And while more modern race-replicas are often based on track-bred, fundamentally uncomfortable sportbike ergonomics, bikes like this classic Kawasaki KZ1000R “Eddie Lawson Replica” actually work pretty well on the road. That’s really a function of the bike being based on the road-racing AMA Superbike mount of rider Eddie Lawson, which was based on the plain-Jane KZ1000J, Kawasaki’s standard 1015cc air-cooled four cylinder machine.
De-stroked to 998cc’s to make it eligible for various racing classes, the R also featured an oil-cooler, 4-into-1 Kerker exhaust, upgraded suspension components, and adjustments to the steering-head angle to sharpen up steering. These relatively simple changes led to a bike that felt very different than the machine on which it was based. And although their more humble roots make them far more comfortable than modern race-replicas, bikes like the ELR pay the price in terms of handling: a 544lb dry weight makes them a real workout to hustle through the corners.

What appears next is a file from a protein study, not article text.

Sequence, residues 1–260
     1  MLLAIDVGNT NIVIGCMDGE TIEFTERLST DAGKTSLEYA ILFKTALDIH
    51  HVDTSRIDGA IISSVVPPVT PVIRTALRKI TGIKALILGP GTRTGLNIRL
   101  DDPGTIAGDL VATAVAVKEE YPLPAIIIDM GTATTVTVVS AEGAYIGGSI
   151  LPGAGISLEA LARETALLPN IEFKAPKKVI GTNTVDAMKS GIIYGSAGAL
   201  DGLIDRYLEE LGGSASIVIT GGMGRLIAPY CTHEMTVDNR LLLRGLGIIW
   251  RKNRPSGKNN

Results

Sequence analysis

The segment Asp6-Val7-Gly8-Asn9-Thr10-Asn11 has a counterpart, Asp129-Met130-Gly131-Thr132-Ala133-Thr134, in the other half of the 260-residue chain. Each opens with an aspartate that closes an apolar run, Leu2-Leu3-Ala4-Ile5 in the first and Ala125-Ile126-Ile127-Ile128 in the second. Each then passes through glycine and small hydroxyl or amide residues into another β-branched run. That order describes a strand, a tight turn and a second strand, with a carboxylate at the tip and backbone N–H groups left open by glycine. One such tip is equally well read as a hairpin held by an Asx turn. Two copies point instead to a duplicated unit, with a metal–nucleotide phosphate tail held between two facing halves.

Of course, the bike’s actual performance is overshadowed a bit by a liberal application of Kawasaki’s lurid green paint and racing stripes!
While the description suggests this bike needs some work, looking at the pictures that have been included, I get the feeling the seller is a bit of a perfectionist, since this looks very clean and complete.
From the original eBay listing: 1983 Kawasaki KZ1000R Eddie Lawson Replica for Sale
32,034 original miles. Last registered in July 1992. I purchased this bike with the intent of doing a total restoration. Having sat for 22 years I cleaned the carbs and changed the oil and filter.